Transitional Administration Chairman Karzai has decreed the formation of a joint Afghan-United Nations commission to coordinate and supervise the general elections scheduled for October 2004, Radio Afghanistan reported on 26 July. The Joint Electoral Coordination Office comprises 10 members, five of whom will be members of the Afghan Interim Election Commission, which includes the head of the electoral section of the United Nations Assistance Mission in Afghanistan (UNAMA). The remaining five members will be recommended by the UN special envoy, Lakhdar Brahimi, to the Joint Electoral Coordination Office (for an analysis of the Afghan elections, see "RFE/RL Afghanistan Report," 19 June 2003).

Article No. 1: The Joint Electoral Coordination Office shall be set up for the registration of the voters' names and supervision of the same process for the elections of the year 1383 [starting March 2004], and to coordinate the elections according to their regulatory powers and the decrees by the head of the state.

Article No. 2: Formation and membership: The Joint Electoral Coordination Office comprises 10 members, and five of them are the members of the Afghan Interim Election Commission, which is set up on the decree of head of the state. Including the head of the electoral section of the United Nations Assistance Mission in Afghanistan (UNAMA), five other members will be recommended by the UN special envoy to the Joint Electoral Coordination Office.

Article No. 3: Law Branch Committee: A Law Branch Committee is to be formed within the structure of the Joint Electoral Coordination Office to study the complaints about the voters' names registration, based on Article No. 5, and to advise the Joint Electoral Coordination Office accordingly. The Law Branch Committee shall be formed by two members of the Joint Electoral Coordination Office, a member of the Interim Election Commission, and a delegate from UNAMA. Afghan members of the Joint Electoral Coordination Office shall select a member of the Law Branch Committee. The members of UNAMA who are also the members of the Joint Electoral Coordination Office shall select another seconded member of the Joint Electoral Coordination Office.

Article No. 4: Fundamental duties of the Joint Electoral Coordination Office:

Legislative duties: The Joint Electoral Coordination Office shall compile, prepare, and implement appropriate criteria, rules and regulations, instructions, notes, and forms in an appropriate manner to organize the electoral process.

Advisory duties: The Joint Electoral Coordination Office shall give advice to the head of the Transitional Islamic State of Afghanistan and the UN secretary general, via his special envoy, for preparing an appropriate environment for the registration of names in such a manner as to hold timely, free, and fair elections, in accordance with the law on elections and the Bonn agreement.

Article No. 6: Forwarding the contents of the electoral registers: The Joint Electoral Coordination Office shall forward the latest lists of the voters, in accordance with the standards of the decree, to a permanent election commission, which will be formed by the head of the state in accordance with the law on elections and the constitution.

Article No. 7: Attending to complaints: The Joint Electoral Coordination Office shall hear just and lawful complaints as per the instructions of the Law Branch Committee and Article No. 3 of the decree.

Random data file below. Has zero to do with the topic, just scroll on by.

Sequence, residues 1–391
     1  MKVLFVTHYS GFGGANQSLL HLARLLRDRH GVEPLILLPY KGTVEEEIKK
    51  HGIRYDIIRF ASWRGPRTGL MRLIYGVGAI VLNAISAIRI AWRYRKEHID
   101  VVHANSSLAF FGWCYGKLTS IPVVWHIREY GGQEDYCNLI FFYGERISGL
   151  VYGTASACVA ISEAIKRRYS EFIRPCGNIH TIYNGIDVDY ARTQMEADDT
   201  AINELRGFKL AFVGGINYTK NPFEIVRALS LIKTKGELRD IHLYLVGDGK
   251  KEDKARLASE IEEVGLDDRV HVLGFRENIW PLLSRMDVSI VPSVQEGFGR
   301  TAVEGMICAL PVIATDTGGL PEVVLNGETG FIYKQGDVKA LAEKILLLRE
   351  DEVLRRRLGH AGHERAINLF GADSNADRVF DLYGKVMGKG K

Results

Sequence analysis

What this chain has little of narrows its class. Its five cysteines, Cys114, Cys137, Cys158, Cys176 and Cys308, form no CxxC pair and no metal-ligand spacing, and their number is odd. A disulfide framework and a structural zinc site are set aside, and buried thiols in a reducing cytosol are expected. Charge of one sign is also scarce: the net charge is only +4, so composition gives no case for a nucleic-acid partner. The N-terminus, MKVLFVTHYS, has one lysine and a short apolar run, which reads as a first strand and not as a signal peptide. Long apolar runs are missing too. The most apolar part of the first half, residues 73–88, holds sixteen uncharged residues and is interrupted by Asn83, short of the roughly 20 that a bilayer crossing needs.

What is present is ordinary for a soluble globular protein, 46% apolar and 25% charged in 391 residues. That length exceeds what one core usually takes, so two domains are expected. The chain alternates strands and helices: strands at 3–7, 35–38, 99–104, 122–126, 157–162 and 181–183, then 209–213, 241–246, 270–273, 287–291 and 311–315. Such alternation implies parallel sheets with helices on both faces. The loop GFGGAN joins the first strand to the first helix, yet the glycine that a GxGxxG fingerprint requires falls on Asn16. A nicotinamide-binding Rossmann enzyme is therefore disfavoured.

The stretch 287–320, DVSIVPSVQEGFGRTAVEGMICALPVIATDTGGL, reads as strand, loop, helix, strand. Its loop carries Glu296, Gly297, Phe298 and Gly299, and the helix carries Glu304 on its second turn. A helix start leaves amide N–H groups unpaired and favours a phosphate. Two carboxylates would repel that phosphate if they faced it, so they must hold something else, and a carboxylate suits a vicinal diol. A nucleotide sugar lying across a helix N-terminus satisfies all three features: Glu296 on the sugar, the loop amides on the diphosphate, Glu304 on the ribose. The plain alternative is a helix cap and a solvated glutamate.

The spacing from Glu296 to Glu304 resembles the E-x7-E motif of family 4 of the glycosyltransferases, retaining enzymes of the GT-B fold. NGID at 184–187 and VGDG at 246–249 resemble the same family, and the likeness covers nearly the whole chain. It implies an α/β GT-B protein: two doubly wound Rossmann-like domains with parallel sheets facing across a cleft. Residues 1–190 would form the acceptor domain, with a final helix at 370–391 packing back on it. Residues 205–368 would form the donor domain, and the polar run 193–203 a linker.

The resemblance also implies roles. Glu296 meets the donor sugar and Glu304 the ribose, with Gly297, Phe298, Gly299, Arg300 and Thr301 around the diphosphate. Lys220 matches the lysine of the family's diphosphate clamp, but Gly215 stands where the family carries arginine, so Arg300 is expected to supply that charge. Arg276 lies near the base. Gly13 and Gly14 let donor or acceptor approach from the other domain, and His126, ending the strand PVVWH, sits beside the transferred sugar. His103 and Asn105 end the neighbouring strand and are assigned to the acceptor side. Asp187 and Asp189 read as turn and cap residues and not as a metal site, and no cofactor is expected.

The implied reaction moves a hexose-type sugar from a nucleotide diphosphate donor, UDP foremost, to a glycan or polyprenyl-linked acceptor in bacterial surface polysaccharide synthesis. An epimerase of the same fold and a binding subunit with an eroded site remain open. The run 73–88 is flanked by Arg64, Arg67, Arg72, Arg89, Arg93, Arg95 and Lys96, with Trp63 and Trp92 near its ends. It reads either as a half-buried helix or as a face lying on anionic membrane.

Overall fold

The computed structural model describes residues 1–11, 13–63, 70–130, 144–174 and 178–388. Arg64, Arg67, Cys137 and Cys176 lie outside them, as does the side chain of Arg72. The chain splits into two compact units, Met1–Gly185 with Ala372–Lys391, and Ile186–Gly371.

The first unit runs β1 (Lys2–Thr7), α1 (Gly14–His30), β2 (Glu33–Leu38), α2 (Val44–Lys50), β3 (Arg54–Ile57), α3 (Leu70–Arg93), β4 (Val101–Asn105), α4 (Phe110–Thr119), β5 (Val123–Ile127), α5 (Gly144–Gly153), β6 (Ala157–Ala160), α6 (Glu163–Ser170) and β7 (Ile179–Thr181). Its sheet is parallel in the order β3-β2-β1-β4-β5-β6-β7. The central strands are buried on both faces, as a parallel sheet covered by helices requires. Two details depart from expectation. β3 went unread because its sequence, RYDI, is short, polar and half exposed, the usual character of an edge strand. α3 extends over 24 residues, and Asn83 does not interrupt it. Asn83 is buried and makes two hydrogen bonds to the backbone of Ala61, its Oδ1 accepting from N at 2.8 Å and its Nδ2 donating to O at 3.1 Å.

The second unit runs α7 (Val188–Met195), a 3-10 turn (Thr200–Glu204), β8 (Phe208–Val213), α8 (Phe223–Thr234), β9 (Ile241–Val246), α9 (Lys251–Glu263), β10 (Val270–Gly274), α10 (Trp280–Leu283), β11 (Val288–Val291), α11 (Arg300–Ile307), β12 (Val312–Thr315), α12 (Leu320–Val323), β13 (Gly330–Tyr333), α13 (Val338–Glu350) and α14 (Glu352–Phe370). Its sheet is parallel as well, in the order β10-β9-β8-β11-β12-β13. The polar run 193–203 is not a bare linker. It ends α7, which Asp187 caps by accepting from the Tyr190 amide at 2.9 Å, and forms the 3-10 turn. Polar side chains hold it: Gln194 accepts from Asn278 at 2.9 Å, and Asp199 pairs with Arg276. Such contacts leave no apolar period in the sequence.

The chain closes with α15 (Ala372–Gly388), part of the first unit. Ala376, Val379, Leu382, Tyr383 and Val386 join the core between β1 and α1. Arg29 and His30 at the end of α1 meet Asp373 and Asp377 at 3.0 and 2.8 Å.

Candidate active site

Article No. 8: Examining violations: The Joint Electoral Coordination Office shall examine all of the issues adversely affecting the process of voter registration, such as intimidation, sabotage, negligence, corruption, pressure, interference, issuing wrong information, and other actions that are aimed at impeding timely and fair elections, which should be in accordance with the Bonn agreement.

Article No. 9: Working status of the Joint Electoral Coordination Office: The head of the Transitional Islamic State of Afghanistan shall convene the first session of the Joint Electoral Coordination Office. The office shall appoint one of its members as the head of the Joint Electoral Coordination Office. UNAMA is responsible for the duties of the Joint Electoral Coordination Office's secretariat, which will also be supervised by the head of the electoral section at UNAMA.

The Joint Electoral Coordination Office shall keep a record of its sessions. The office is authorized to take appropriate measures for holding the necessary sessions.

Article No. 10: Decisions: Decisions taken by the Joint Electoral Coordination Office shall be based on a vote. The issue shall be forwarded to the head of the state if a vote is not possible.

Article No. 11: Strategy of the work: The Joint Electoral Coordination Office shall prepare working strategies when needed and implement them.

Article No. 12: Period of validity of the orders: The decree is effective from the date of issuance until the end of the work of the Joint Electoral Coordination Office Commission. (Amin Tarzi)

The Deutscher Hof has become a popular destination in Kabul, dpa reported on 5 August. Two former German soldiers opened the beer garden, which also offers pork to its customers. Five-meter walls surround the restaurant and guards carrying submachine guns provide security. Afghan Muslims, who are forbidden by their religion to drink alcohol or eat pork, are only allowed into the Deutscher Hof in the company of foreigners. (Amin Tarzi)

7 August 1842 -- British forces evacuate Kandahar, leading to the end of the First Anglo Afghan War (1839-42).

6 August 1962 -- President Ayyub Khan of Pakistan suggests a confederation of Afghanistan, Iran, and Pakistan. A year later the Shah of Iran says the idea is good, but he cites many obstacles.

5 August 1979 -- In one the earliest acts of resistance to the communist takeover in Afghanistan, heavy fighting breaks out in Kabul between loyal troops and a rebellious army unit at the Bala Hisar Fort. The communist loyalists prevail.

Sources: "Historical Dictionary of Afghan Afghanistan," by Ludwig W. Adamec, (Lanham: The Scarecrow Press, Inc., 1997).